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Park Slope Food Co-op Gets its Own App Designed by Ultra-Loyal Member

 Devoted Park Slope Food Co-op member Jonah Burke designed an app for members and anyone looking to learn more about the co-op and local food.
Devoted Park Slope Food Co-op member Jonah Burke designed an app for members and anyone looking to learn more about the co-op and local food.
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DNAinfo/Caroline Spivack

PARK SLOPE — A devoted Park Slope Food Co-op member has designed a free app that makes it easier for foodies to learn about their grub's farm-to-shelf journey, keep tabs on their monthly work shift duties and track the arrival of items ranging from arugula and garlic scape pesto.

More than 300 in-stock fruit, vegetable and herbs are cataloged in the app's library along with the ability to scan co-op cards into Apple Wallet and log monthly shifts that all co-op members must work, which are notoriously difficult to swap.

But you don't have to be a co-op member to use it and folks interested in exploring local produce and what's available at nearby farms might want to sink their teeth into the digital resource, said the programmer behind the app. 

"I think anyone who cares about healthy food or local food and farms will be interested," said Park Slope resident Jonah Burke, who has been a co-op member for nine years and independently embarked on building the app. "Produce is the main focus. Everyday it will send you a notification of what's new, which is fun if you're into food and helps you come up with ideas about what to make."

The app's homepage logs new arrivals such as Friday's gold raspberries from Lancaster, Pennsylvania, or garlic scape pesto from Middletown, New York, taken from information publicly published on the co-op's website

Users can browse the library for a taste of where the produce is coming from and the cost, such as rainbow carrots from Hepworth Farms for $2.17 a bunch, arugula from Gotham Greens for $3.59 and cherry tomatoes from Grindstone Farm for $3.34.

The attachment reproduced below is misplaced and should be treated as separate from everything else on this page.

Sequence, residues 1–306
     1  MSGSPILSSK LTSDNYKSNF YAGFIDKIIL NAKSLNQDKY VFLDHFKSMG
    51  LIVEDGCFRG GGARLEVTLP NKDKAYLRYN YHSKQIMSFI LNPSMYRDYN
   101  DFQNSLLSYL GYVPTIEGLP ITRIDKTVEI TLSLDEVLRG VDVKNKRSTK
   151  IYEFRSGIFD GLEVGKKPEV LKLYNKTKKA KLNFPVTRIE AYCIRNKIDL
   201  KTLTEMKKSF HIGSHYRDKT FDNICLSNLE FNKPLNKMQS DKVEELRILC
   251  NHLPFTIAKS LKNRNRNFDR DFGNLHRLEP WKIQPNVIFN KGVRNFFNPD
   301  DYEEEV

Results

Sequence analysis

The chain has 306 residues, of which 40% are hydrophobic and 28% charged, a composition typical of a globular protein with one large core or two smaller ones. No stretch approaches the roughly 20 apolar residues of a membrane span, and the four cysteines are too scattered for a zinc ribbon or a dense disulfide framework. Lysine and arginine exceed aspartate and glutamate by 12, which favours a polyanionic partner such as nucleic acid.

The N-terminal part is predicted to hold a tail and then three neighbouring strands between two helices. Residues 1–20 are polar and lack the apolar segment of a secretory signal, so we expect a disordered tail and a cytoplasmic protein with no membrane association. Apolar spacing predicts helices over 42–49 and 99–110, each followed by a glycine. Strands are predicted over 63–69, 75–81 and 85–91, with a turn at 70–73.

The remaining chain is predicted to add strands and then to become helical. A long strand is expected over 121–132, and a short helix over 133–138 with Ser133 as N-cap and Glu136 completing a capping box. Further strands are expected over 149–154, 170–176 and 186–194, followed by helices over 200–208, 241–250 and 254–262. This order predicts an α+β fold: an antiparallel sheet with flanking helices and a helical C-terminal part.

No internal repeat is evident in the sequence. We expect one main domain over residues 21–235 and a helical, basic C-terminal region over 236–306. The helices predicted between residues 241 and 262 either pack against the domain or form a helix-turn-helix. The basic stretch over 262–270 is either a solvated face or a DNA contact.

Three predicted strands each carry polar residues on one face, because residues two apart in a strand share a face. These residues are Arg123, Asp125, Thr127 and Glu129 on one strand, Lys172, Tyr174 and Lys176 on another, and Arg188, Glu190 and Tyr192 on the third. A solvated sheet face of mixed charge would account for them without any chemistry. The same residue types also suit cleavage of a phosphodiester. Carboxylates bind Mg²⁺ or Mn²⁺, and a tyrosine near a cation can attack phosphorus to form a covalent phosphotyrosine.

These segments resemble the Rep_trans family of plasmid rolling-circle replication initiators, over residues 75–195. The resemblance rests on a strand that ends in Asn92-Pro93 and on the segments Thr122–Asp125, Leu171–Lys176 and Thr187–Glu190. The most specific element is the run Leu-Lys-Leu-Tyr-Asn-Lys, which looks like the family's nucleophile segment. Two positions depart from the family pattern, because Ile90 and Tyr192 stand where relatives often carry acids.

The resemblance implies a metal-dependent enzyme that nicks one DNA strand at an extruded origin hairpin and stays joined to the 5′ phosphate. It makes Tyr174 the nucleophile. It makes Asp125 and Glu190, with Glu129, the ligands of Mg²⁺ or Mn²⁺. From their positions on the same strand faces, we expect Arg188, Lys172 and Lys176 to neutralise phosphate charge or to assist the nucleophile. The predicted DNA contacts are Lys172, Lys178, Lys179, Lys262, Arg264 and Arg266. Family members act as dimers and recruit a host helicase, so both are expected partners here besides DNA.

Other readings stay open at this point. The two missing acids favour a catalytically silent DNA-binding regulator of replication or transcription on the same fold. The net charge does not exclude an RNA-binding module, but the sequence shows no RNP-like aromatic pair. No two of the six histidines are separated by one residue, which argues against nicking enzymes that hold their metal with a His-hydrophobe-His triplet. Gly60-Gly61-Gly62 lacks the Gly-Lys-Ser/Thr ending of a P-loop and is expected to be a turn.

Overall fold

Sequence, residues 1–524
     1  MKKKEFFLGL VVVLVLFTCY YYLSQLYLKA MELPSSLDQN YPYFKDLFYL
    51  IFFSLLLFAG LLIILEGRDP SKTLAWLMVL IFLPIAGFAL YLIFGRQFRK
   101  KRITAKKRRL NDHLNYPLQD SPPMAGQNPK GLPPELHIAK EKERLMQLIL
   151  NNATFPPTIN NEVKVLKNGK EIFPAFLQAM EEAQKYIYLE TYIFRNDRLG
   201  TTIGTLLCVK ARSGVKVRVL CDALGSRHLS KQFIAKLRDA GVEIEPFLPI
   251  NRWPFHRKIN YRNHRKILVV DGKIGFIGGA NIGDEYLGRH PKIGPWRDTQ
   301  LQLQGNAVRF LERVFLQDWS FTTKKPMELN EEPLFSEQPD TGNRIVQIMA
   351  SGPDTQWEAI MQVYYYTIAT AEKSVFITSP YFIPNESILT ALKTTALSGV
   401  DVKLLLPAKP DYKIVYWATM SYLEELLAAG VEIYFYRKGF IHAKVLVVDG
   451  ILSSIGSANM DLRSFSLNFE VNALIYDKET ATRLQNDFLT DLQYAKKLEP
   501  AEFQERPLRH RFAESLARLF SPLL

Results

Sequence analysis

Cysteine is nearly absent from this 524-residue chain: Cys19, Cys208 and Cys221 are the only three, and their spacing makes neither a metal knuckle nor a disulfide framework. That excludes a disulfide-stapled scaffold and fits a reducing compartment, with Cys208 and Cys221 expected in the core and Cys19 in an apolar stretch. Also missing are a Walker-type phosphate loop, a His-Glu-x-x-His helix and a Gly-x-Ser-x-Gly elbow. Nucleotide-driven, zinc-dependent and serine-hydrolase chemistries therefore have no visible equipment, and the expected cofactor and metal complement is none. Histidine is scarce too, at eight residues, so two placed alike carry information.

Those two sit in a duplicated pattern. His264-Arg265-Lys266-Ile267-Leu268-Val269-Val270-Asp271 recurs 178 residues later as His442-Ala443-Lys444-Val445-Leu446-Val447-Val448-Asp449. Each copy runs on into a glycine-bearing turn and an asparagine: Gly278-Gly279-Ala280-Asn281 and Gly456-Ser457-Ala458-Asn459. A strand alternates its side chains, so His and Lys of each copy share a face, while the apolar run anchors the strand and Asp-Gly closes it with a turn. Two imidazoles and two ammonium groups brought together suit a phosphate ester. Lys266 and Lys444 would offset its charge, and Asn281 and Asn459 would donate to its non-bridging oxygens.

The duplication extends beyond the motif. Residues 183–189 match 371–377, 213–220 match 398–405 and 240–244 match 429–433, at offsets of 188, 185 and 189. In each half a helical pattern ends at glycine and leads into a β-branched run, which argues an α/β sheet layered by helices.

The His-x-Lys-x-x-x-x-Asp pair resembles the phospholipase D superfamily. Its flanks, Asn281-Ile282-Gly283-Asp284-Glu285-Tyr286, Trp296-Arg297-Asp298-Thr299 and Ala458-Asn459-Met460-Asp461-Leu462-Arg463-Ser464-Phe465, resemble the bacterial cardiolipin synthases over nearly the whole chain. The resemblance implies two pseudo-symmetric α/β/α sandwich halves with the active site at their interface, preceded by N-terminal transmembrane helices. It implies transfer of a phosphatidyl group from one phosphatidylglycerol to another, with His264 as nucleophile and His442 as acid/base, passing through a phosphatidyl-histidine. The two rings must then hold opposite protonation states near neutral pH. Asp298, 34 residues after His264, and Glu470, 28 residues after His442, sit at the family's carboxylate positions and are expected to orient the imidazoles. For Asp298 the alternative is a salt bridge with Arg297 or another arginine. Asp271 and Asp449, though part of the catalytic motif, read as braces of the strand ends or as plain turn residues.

Park Slope Food Co-op App

The app offers a digital library of more than 300 in-stock fruit, veg and herbs.  (Jonah Burke)

Most items come with a brief overview of what they are and a link to more info, which can come in handy for some of the co-op's items that your average shopper might not be familiar with such as the agretti vegetable, which was once reduced to ash for making glass and is now sought after as a gourmet ingredient.

App users can also dig into the co-op's history with an archive of the market's newspapers, The Linewaiter's Gazette, back to 1999 — great for those interested in learning more about the Union Street store, keeping up to date on recent happenings including management of the pension fund or for those who've flown the coop to other areas and want to keep tabs on the institution.

"The newsletter comes out with all sorts of wacky stuff," said Burke, who spent four months making the app that is available for Apple devices. "It's a weird, great place and this lets you explore its historical weirdness."

The co-op itself has not yet authorized the app for the more than 17,000 members to use since the co-op staff hasn't yet had a chance to come together and review it.

Designed and maintained purely out of love for the co-op and fresh food, Burke hopes it helps others get the most out of the institution.

"I like to know where my food comes from and for this project I thought, 'Here is an intersection of something I love and that is important,'" said Burke. "It comes just out of the desire for better food."